cover image Throes of Democracy: The American Civil War Era, 1829–1877

Throes of Democracy: The American Civil War Era, 1829–1877

Walter A. McDougall, Author . Harper $34.95 (787p) ISBN 978-0-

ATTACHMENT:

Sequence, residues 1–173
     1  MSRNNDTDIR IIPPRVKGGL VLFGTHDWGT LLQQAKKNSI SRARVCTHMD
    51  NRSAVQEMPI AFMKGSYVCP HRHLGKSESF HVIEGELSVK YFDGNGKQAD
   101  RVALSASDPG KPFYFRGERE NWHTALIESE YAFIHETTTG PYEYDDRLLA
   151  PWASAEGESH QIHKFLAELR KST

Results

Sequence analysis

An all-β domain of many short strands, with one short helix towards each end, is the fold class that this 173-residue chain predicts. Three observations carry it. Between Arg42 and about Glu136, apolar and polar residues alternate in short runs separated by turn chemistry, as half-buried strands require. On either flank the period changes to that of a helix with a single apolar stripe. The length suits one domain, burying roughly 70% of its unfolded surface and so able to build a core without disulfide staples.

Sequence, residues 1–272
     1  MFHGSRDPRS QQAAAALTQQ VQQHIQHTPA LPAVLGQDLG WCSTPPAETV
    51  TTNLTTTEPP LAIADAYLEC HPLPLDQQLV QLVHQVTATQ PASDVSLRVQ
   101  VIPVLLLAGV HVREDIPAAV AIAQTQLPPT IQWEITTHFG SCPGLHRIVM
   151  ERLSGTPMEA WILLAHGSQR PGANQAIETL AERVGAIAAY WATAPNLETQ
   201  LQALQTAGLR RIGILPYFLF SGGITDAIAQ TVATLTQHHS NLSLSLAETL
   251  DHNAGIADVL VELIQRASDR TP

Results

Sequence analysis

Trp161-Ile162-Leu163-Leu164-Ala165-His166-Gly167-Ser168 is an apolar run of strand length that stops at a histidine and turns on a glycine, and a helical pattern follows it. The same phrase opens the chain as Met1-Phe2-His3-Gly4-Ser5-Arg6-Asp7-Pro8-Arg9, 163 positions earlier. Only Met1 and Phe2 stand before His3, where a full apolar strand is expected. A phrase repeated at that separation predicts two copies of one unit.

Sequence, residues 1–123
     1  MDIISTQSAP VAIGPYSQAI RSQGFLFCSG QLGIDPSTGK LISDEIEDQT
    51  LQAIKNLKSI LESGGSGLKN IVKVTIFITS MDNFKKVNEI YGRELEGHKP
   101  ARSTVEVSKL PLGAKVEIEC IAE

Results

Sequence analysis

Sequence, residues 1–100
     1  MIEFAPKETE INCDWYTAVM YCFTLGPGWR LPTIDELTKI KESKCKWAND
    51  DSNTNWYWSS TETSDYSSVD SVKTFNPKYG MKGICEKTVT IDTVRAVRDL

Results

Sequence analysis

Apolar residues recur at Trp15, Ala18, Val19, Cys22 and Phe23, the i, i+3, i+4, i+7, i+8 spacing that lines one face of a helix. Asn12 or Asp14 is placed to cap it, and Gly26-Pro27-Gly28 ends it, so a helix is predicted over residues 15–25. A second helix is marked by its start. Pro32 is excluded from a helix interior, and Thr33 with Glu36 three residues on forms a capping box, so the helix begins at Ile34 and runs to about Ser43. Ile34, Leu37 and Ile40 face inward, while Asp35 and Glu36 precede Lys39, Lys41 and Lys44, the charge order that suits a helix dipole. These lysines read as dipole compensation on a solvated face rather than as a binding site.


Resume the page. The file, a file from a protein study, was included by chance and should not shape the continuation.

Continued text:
The subtitle’s overextended claim that the Civil War era started in 1829 sets the tone for this hulking second volume (after Freedom Just Around the Corner ) of Pulitzer-winner McDougall’s projected multivolume history of the U.S. The author tries both to deflate national pride and celebrate national progress in the era in which the nation spread across the continent, shattered in a war and came back together. He does so in an opinionated, breezy narrative that focuses on individuals—lesser known as well as famous, writers and thinkers as well as political and military leaders. But McDougall’s history is basically a traditional one about party conflicts, the westward course of empire, war, the Transcendentalists, frontier tensions, railroads, slavery, religious tensions and robber barons. You’d never know that a huge body of history on the real lives of 19th-century Americans had been produced in recent decades. Not many women appear, or Indians, slaves and freedmen, or working people, many of whom helped make the young democracy vital and tumultuous. McDougall’s strength lies in deflating cherished reputations, like de Tocqueville’s, and restoring others’, like pastor and intellectual Orestes Brownson’s. A pleasing romp through a critical period in the nation’s history, it sticks to the tried and true. 19 maps. (Mar. 11)